internationally in July 2003 as
First published in
From June 2004 issue of Afghan Scene Magazine
For the last two years the Intercontinental has been the only
place close to an international hotel. Years of war damage, journalists
hanging out, cameramen jumping in the swimming pool when there was no water,
suspicious killings involving Afghans, US and
Elsewhere in the city, for a time in 2002 the Hotel Kabul was
open but then it closed for renovation and has remained shut ever since. The
hotel is now being transformed into a
In April 2004 the ground breaking ceremony for the Hyatt Hotel
across from the US Embassy took place. President Karzai
The Hyatt may well become such a focal point, but it will take 18
months to complete and most people suspect that the US Embassy and the CIA
will book all the rooms for themselves as the over crowded embassy compound
reaches bursting point. The tunnel under the
So for now the Intercontinental and the Mustafa Hotel have little
competition at the different levels of price scale in
The Intercon has undergone a complete refit on all five floors. Rooms with swipe cards range in price from $84 to $472 for the Khyber suite. Though with the Osama Bin Laden watch ongoing, news crews love the Khyber suit with its fifth floor location and high vantage views on both sides of the hotel (and the party opportunities such a view offers).
The South African Director of Food and Beverage, Albert Bester,
says: “In the next two years there will be more hotel openings in
The Intercon has reportedly had a $10
million refit in the last two years after Dubai Freecom
Trading, which owns the Sheraton in
The food on offer is improving. The buffet lunch on Fridays is popular with Afghans and foreigners alike, when sometimes more than 350 people are catered for. A new Talk of the Town Café is on the way and a combo restaurant with Greek, Lebanese, Italian and American food will be put into the old Indian Bukhara restaurant. There are no plans at the moment to serve alcohol in the hotel.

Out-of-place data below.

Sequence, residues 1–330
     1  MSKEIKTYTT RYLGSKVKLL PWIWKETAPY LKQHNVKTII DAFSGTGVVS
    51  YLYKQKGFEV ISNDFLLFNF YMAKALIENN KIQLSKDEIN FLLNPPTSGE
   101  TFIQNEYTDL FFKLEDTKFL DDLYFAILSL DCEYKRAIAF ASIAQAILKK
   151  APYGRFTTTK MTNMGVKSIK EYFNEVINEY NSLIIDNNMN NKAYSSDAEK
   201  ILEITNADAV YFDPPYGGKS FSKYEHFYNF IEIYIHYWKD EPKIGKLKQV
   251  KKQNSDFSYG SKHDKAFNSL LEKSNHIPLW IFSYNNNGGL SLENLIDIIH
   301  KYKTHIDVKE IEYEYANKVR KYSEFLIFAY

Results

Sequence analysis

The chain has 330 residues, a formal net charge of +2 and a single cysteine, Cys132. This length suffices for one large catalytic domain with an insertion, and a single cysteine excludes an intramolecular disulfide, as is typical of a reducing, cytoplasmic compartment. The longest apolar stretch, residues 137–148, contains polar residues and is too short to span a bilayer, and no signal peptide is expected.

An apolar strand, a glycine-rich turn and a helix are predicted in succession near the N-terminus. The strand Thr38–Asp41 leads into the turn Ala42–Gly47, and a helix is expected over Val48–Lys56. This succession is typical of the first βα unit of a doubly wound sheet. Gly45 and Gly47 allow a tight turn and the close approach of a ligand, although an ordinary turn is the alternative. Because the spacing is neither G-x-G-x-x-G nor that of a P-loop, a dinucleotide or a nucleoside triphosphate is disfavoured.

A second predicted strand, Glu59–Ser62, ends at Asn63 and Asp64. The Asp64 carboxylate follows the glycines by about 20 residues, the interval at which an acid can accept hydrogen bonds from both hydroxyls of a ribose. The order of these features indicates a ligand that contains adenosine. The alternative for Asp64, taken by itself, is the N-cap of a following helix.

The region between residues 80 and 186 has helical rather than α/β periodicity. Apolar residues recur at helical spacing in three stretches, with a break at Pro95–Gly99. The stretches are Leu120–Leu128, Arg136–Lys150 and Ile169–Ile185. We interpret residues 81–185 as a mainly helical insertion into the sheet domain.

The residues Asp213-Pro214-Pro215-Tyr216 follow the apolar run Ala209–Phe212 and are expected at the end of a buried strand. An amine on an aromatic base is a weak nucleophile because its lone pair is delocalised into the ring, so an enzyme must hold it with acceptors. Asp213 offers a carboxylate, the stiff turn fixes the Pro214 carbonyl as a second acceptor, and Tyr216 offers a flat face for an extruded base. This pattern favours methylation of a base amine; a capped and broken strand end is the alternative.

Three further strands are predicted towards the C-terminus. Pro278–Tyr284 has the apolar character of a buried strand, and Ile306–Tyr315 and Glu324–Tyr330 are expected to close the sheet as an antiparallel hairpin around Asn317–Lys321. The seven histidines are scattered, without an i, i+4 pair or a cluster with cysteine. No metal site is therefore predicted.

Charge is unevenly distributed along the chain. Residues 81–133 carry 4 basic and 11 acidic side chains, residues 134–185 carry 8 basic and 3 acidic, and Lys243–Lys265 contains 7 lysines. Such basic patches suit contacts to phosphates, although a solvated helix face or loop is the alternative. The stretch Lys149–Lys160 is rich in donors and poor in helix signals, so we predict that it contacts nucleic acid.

Parts of the hotel are still to be developed. The swimming pool
isn’t open yet and the pumping room needs a complete refit. Then the
management will need to get their head around near naked swimmers in
The fitness centre is open twice a day and has a $50 monthly membership fee for non guests but new equipment will be needed to get it up to the ISAF HQ Fitness Zone standard.
There’s a sauna, massage and beauty care from the popular Thai girls and the Business centre is linked with internet ($5 an hour) and faxes.
In this post war world, conferences and workshops are an everyday
part of life in
The Intercontinental has now dropped the “K” logo (so foreign brunch guests won’t have the chance to steal all the cutlery any more!) and the hotel has adopted the “I” logo of the Intercon chain. Within two years, management say, they should be ready to join the Six Continents Group Intercontinental chain of hotels.
As for new developments, the Hyatt is a long way off but
In the meantime the Intercontinental dominates the high end of
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